Trump: Companies that lay off workers will face consequences

What Trump's carrier deal means for future

Presidential candidate Donald Trump loved the raucous political rallies that marked his campaign — loved them so much he's doing them again as president-elect.

After a pit stop in Indianapolis to tout a new jobs agreement with the Carrier heating and air conditioning company, Trump headed to Cincinnati on Thursday to open a "Thank You Tour" of swing states that put him over the top in the Electoral College.

"I am grateful for all of your support," Trump tweeted in promoting the Ohio event. "THANK YOU!"

In what looks like an unprecedented post-election victory lap for a president-elect, the Trump team is working on events in other big states he carried this month, including North Carolina, Iowa, Michigan, Pennsylvania, and Florida.

Trump and aides called the tour a chance for him to thank the voters who put in office, though some analysts questioned whether they are a waste of time that could otherwise be devoted to the massive task of putting together a presidential administration.

David Cohen, a political science professor at the University of Akron who specializes in While House staffing, said he finds it "baffling" he would spend so much time campaigning.

"There's so much to do when you've been elected president," Cohen said. "There are so many jobs to fill."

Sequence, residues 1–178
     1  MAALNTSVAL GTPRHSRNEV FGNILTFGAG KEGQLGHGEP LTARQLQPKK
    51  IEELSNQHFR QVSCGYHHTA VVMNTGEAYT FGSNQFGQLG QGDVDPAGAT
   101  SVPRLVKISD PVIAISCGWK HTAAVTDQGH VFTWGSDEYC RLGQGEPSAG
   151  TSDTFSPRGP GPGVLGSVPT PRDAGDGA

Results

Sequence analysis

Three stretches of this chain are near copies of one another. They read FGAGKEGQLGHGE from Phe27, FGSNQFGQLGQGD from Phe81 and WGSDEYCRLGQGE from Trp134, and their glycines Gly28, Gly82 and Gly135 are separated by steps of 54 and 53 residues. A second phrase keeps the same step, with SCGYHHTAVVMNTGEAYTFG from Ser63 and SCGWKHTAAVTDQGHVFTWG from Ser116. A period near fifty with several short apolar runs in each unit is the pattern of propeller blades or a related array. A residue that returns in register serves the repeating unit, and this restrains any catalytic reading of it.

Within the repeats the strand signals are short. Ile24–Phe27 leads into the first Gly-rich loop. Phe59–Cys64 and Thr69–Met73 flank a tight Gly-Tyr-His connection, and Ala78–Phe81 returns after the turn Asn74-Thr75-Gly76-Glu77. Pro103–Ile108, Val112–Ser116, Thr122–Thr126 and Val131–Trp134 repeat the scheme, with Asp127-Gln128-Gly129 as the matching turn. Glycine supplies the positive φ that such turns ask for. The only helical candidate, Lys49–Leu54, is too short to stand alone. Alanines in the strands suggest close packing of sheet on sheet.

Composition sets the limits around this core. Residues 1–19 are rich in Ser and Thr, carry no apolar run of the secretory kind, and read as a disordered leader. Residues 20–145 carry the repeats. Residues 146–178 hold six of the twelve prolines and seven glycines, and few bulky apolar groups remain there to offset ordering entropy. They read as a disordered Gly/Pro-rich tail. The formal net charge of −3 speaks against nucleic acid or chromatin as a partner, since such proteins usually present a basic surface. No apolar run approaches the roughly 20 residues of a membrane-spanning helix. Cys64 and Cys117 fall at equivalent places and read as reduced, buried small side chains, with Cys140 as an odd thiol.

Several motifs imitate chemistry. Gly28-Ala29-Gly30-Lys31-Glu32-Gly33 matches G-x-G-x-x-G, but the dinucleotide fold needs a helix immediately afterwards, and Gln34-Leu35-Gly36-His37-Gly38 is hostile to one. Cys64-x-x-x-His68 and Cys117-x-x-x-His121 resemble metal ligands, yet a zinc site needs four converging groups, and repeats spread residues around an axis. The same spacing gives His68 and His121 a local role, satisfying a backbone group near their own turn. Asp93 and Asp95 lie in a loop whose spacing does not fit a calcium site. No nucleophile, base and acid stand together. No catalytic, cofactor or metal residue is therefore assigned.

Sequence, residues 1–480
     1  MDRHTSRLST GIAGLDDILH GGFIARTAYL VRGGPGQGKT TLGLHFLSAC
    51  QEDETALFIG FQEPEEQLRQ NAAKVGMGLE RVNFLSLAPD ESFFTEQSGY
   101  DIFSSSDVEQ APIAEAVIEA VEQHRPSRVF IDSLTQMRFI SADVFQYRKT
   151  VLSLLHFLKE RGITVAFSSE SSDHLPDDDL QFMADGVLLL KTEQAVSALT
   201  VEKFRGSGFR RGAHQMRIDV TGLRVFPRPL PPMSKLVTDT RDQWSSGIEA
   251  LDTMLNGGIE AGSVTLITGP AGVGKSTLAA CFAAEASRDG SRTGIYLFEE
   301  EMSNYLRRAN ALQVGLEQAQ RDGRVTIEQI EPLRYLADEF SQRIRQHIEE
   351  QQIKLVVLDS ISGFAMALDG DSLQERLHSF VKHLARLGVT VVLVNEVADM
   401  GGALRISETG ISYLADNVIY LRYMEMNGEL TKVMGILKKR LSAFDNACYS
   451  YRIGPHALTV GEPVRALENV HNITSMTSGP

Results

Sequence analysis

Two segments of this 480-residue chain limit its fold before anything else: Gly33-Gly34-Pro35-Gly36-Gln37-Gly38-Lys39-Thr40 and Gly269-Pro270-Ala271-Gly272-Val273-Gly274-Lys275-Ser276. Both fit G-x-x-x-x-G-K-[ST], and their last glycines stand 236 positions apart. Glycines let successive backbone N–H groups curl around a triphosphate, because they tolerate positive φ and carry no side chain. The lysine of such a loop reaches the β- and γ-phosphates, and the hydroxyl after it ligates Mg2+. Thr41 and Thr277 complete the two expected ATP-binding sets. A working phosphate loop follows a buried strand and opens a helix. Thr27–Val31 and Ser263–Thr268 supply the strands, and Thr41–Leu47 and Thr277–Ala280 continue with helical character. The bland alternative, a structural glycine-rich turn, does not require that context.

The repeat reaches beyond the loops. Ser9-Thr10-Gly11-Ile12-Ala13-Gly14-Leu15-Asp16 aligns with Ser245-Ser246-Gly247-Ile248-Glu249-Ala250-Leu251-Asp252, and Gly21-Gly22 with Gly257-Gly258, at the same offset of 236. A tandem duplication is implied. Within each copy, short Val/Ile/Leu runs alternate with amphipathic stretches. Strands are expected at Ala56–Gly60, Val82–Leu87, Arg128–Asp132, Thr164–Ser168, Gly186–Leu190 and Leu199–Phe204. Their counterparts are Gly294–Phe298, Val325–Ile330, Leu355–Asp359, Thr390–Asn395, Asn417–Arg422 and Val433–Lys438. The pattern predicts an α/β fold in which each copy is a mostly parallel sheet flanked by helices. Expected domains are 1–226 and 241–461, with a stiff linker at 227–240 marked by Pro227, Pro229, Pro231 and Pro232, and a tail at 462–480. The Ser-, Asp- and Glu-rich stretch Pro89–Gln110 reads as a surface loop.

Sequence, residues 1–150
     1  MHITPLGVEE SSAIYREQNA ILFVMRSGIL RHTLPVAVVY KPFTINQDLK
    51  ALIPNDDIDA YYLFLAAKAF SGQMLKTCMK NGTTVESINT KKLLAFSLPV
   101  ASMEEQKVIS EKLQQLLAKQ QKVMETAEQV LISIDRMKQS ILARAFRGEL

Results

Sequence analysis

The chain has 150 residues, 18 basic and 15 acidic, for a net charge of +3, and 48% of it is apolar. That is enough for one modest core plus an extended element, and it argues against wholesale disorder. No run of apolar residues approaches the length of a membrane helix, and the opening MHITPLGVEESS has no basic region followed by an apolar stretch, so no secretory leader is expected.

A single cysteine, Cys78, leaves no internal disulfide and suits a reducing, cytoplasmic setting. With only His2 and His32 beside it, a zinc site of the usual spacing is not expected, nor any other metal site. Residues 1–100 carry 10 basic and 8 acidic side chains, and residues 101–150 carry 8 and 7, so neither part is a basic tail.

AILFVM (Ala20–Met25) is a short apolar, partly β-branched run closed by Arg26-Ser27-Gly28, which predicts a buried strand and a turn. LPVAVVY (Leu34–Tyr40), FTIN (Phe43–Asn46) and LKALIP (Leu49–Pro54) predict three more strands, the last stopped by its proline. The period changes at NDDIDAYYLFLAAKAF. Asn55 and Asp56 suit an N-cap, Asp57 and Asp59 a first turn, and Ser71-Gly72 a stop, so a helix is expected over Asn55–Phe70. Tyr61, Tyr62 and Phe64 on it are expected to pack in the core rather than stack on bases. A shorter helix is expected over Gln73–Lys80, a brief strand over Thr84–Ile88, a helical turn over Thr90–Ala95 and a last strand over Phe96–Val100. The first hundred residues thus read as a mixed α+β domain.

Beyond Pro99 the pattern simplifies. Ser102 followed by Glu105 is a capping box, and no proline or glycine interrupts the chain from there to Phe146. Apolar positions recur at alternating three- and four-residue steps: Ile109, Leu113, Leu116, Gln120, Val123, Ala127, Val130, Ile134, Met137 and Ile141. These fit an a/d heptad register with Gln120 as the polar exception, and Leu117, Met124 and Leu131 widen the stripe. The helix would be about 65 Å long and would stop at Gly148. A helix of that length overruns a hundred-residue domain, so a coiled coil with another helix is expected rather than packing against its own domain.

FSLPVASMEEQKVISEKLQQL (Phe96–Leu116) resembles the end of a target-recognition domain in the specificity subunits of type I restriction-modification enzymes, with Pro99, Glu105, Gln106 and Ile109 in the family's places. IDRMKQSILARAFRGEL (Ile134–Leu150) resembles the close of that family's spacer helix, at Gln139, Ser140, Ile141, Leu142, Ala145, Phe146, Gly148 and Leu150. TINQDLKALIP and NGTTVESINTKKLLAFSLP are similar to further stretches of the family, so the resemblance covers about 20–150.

Making his first public appearance since the Nov. 8 election, Trump and Vice President-elect Mike Pence — also the governor of Indiana — stopped Thursday at a Carrier plant in Indianapolis.

After planning to lay off some 1,400 workers and shift some operations to Mexico, Carrier has now agreed to keep a plant open and retain around 1,000 employees. Details remain hazy, including whether some Carrier employees will still lose jobs and the nature of the tax breaks the company is getting to stay in Indiana.

"Companies are not going to leave the United States anymore without consequences," Trump said after touring the Carrier plant, echoing comments he made on the campaign trail.

The Cincinnati stop calls for a victory rally that mirror the ones Trump held during the campaign. In Ohio and state after state, the Republican nominee denounced the political establishment in general and Democratic rival Hillary Clinton in particular, while his supporters chanted things like "lock her up!" and shouted epithets at members of the press corps.

Previous presidents-elect have also done campaign-style events, but they tended to be smaller in scope and took place closer to the Inauguration Day of Jan. 20.

In 1993, President-elect Bill Clinton conducted a campaign-style bus tour that took him from Thomas Jefferson's home at Monticello in Virginia to the Lincoln Memorial in Washington. Clinton also did some campaigning shortly after the 1992 election, stumping in Georgia during a run-off for a U.S. Senate seat.

Just before his inauguration in 2009, President-elect Barack Obama took a whistle-stop train ride from New York City to Washington, including a stop in Wilmington, Del., to pick up Vice President-elect Joe Biden.

Trump has frequently cited his love of well-attended political rallies, and some analysts described his thank you tour as the inevitable continuation of a campaign also fueled by social media and 24/7 media.

Martha Joynt Kumar, director of the bipartisan White House Transition Project, said Trump has good reason for wanting to be with his people.

After days of being "cloistered" in Trump Tower, interviewing job applicants and making appointments, she said, "he understandably has a need to go out and get back to what brought him there — what won him presidency."

KING


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